I know you receive a ton of emails every day, so thought I should send you a quick follow-up for my email below in case it got overlooked.

I was wondering whether you’d be interested in referencing our article [hyperlink to your post] in your [topic] post?
We’ve also compiled a list of [topics] that we think would be a perfect fit for some of your posts.

Especially [hyperlink to your post], we think it would go great in [prospects’ blog post].

Don’t you think?

Looking forward to hearing back!

[Your name]

P.S. We’d be more than happy to share your updated post with our [# of social followers] social followers.

See the personalized email subject line focusing on them?

We practice what we preach.

However, this is just a basic template.

For optimal results, we 100% recommend that you personalize your follow up emails.

Template #3: The “brand pitch” one

Another follow up email sample which I think you’ll find useful is the “brand pitch” template.

For the sake of example, let’s say you’re an influencer who’s reached out to brands but hasn’t heard back.

RE: (Your name/Brand name) x (Prospect’s company name)

Hi {first_name},

Hope all is well!

Although I haven’t heard from you, I’m convinced that great results could come out of a potential collaboration between us.

I’ve checked your [product/service] on [Google, social media, website] and I’m confident I could help you with [what you offer].

Let me know if you would be interested in discussing a collaboration between me and your company.

[Your name]

By linking your name with your prospect’s company name you make it more possible that they will open your email thus having more chance of hearing back from them.

Template #4: The “guest blogging” one

Follow up email template #4 is a follow up email to do with guest blogging.

RE: {Your Name} can help you write topics that are missing from {Company Name} blog

Hi {first_name},

Hope this finds you well!

Just a quick follow up on the email I sent last week.

We’ve put together a list of topics that are missing from your [Company Name] blog.

[link to sample list]

My team and I are convinced that covering these topics will help you expand your target audience.

To cut a long story short, because we totally understand how busy you are, we’d love to guest post for you and be your writers for a day (or more!).

Can’t wait to hear back from you!

[Your name]

For successful guest blogging follow up emails, it’s essential that you do some research and propose topics that are indeed relevant to what your prospects inboxes.

Template #5: The “PR outreach” one

The “PR outreach” follow up email template will help you to write a follow up email that gets replies and allows you to connect with people.

RE: (Exclusive News)

Hello {first_name},

I understand that you’re probably very busy at the moment, but thought that you wouldn’t like missing [reason for reaching out].

We’re not planning on reaching out to [Prospect’s competitors – other blogs or media publications] until [date and time].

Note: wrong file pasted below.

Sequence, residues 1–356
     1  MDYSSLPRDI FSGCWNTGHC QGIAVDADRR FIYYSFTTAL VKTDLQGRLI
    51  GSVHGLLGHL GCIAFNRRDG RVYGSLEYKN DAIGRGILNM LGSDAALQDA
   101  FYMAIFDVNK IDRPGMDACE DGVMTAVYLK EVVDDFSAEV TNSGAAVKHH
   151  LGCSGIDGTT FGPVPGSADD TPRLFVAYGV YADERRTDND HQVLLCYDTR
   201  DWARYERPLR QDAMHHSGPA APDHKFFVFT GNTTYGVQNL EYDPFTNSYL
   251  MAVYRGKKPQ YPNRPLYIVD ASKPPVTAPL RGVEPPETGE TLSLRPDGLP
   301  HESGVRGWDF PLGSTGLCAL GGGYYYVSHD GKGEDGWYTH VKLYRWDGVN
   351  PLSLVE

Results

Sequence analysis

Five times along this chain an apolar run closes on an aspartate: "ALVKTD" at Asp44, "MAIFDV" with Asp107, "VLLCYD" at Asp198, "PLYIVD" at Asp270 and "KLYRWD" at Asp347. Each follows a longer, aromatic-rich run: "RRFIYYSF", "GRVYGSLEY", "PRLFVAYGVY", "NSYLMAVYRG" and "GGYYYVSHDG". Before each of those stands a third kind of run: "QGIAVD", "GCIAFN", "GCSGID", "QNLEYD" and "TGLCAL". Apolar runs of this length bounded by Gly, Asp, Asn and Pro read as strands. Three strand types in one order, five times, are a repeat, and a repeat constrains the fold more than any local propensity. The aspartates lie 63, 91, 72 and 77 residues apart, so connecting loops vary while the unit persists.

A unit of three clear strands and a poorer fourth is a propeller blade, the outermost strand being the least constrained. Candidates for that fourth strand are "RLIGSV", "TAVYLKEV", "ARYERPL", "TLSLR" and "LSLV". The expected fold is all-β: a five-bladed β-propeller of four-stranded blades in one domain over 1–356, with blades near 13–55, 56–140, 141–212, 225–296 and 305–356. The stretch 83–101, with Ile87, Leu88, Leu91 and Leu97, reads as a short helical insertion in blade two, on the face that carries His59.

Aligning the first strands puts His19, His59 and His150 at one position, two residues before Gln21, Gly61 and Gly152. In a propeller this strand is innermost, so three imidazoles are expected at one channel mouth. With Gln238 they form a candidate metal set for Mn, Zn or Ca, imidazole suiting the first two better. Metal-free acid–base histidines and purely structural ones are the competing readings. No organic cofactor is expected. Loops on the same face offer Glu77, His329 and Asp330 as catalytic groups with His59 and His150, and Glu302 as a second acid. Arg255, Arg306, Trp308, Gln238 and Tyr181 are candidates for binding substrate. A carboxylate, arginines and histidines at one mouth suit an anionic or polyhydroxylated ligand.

Let me know what you think and I’ll share our [landing pages or other assets] before they go live.
Looking forward to speaking with you soon!

Best regards,

[Your name]

Relevant Resources:

Template #6: The “press release distribution” one

The last email template I have for you is one you’ll need to follow up on a press release distribution email.

RE: Let’s make it official - (Press Release Title)

Hi {first_name},

I thought it was worth following up on my previous email since your work shows that our [reason for reaching out] is definitely in your niche.

We can provide you with all the details and information you may need in relation to [launch/news].

In fact, we’ve prepared a nice, detailed file that includes all that you may need.

You can find the file by following the link below:

[file link]

Please note that the file will be available until [date and time].

Looking forward to hearing from you soon!

[Your name]

Relevant Resources:

Keep in mind that these are meant to be skeletons for you to fill in with real benefits and meaningful personal content.

Let’s wrap this up with some closing thoughts.

Link building cheat sheet

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Gain access to the 3-step strategy we use to earn over 86 high-quality backlinks each month.

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Wrapping Up

There you have it.

You now have the foundations to write a great follow up email.

Keep in mind that cold emails are all about experimenting and iterating based on results.

What does that mean?

Don’t expect to start improving your response rates without testing different elements such as email subject lines and constantly trying to understand what makes some people open and reply to your email.

Farzad Rashidi

Article by

Farzad Rashidi

Farzad Rashidi is the lead innovator at Respona, the all-in-one digital PR and link-building software that combines personalization with productivity. He also runs the marketing efforts at Visme, where he helped the company gain over 12 million active users and pass 2M monthly organic traffic.